Since smaller companies are less likely to have a drug testing program in place, they are at greater risk of hiring and then suffering the consequences of drug and alcohol abusers than larger businesses, says Dee Mason, founder and administrator of the Business Against Substance Abuse Coalition in Columbus, Ohio.
The results of hiring a substance abuser are not always clearly visible. "Unless there's an accident of some sort," Mason says, "the employer often does not realize this culprit is syphoning off the bottom line."
Mason cites five areas where losses can occur:
1. Productivity. A substance abuser is 33 percent to 50 percent less productive than a nonabuser.
2. Absenteeism. "Substance abusers miss an average of three weeks more a year of work, and they are three times more likely to be tardy," Mason says.
3. Medical claims. Abusers claim 300 percent to 400 percent more in medical benefits.
4. Pilferage. Fifty percent to 80 percent of workplace theft has been traced to substance-abusing employees.
5. Accidents. Abusers are 3.6 times more likely to have an accident on the job, 5 times more likely off the job, and they file 5 times more workers' compensation claims than nonabusers.
In addition, Mason says, employers can be held liable in court for the behavior of employees both on and off the job, as long as they are operating within their job descriptions.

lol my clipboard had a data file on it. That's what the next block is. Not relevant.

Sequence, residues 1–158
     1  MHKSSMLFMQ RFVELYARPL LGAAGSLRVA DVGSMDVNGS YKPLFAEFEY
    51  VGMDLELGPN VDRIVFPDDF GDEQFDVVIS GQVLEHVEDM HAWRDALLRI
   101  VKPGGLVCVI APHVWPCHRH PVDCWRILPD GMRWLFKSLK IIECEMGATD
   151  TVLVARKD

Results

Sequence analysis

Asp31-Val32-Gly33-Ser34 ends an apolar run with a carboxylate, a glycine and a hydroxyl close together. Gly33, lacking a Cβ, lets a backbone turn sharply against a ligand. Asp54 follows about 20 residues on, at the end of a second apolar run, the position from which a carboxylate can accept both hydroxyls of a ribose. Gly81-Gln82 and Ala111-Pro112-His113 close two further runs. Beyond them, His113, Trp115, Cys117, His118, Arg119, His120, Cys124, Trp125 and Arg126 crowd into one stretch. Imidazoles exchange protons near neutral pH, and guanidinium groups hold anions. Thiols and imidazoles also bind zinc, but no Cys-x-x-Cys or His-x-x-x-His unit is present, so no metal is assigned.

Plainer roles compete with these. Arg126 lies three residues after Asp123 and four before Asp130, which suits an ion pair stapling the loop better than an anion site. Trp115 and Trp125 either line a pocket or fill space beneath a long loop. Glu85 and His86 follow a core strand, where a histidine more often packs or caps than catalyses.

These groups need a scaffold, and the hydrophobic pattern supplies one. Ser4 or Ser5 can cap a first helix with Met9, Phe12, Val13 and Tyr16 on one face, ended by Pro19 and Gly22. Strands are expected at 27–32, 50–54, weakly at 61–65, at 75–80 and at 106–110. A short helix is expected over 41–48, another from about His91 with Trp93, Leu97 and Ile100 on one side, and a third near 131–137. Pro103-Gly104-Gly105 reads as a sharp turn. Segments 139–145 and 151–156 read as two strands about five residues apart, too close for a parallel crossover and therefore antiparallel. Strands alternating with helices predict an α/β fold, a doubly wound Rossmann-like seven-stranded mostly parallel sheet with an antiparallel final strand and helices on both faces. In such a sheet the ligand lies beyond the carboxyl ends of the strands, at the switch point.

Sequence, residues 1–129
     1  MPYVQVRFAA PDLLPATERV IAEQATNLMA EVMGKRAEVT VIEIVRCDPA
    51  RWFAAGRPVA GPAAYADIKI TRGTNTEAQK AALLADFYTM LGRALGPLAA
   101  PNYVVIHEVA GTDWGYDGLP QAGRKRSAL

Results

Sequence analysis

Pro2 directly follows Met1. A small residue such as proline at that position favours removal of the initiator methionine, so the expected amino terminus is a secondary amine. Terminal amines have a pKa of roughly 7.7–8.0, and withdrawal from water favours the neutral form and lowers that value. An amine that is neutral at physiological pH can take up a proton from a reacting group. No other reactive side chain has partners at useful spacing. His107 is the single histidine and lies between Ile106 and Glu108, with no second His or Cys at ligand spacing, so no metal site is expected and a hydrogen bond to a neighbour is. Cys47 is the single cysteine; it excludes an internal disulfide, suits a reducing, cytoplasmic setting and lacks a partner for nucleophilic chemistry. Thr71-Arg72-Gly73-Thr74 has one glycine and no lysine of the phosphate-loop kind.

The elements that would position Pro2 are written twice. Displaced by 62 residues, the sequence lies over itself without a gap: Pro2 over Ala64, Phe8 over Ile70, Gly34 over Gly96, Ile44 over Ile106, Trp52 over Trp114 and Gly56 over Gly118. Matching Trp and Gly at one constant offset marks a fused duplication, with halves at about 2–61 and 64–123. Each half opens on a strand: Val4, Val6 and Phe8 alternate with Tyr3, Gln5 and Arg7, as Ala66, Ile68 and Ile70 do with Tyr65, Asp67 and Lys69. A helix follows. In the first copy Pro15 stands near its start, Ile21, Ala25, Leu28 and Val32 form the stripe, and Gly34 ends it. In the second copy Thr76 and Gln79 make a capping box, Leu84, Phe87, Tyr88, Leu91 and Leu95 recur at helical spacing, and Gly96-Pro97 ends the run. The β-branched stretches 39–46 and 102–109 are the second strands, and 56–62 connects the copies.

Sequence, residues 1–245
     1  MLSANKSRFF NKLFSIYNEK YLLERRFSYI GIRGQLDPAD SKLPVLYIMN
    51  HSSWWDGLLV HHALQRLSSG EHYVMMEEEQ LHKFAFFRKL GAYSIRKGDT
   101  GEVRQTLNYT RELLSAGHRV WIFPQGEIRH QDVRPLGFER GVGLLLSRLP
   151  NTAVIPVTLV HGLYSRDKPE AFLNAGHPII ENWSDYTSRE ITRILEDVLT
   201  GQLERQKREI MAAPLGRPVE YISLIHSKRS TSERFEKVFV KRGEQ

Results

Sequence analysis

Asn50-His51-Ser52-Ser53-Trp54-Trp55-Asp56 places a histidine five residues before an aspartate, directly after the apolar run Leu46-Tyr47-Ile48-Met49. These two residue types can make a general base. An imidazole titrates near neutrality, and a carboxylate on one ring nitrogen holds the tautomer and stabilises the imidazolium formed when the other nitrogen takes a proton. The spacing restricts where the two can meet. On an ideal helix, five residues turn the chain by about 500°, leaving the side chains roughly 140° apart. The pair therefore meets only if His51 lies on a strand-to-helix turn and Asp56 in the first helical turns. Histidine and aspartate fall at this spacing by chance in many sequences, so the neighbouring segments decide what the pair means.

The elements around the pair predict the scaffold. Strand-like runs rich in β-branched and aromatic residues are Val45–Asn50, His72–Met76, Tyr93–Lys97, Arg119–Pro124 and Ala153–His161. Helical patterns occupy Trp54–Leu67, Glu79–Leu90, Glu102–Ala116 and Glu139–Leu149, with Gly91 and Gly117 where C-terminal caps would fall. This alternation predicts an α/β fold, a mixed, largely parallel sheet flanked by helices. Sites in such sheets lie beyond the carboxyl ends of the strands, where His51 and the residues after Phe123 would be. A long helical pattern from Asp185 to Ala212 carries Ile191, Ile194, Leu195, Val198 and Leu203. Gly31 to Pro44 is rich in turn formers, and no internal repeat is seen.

Establishing a substance-abuse prevention program reduces losses and liability. And, if you do federal contract work of $25,000 or more annually, or if you have received a federal grant, you are required by the Drug-Free Workplace Act of 1988 to have a verifiable program in place.
An effective drug-free workplace program includes:
- a written policy that clearly articulates expectations, practices and consequences;
- employee education;
- supervisory training;
- drug testing; and
- an employee assistance plan.
Mason says small businesses have a number of resources to help with creating and implementing a cost-effective drug-free workplace program. She suggests checking with your local chamber of commerce or trade association for assistance. Or call Community Anti-Drug Coalitions of America at (800) 542-2322 for referrals to resources in your area.
Jacquelyn Lynn is a business writer in Winter Park, Florida.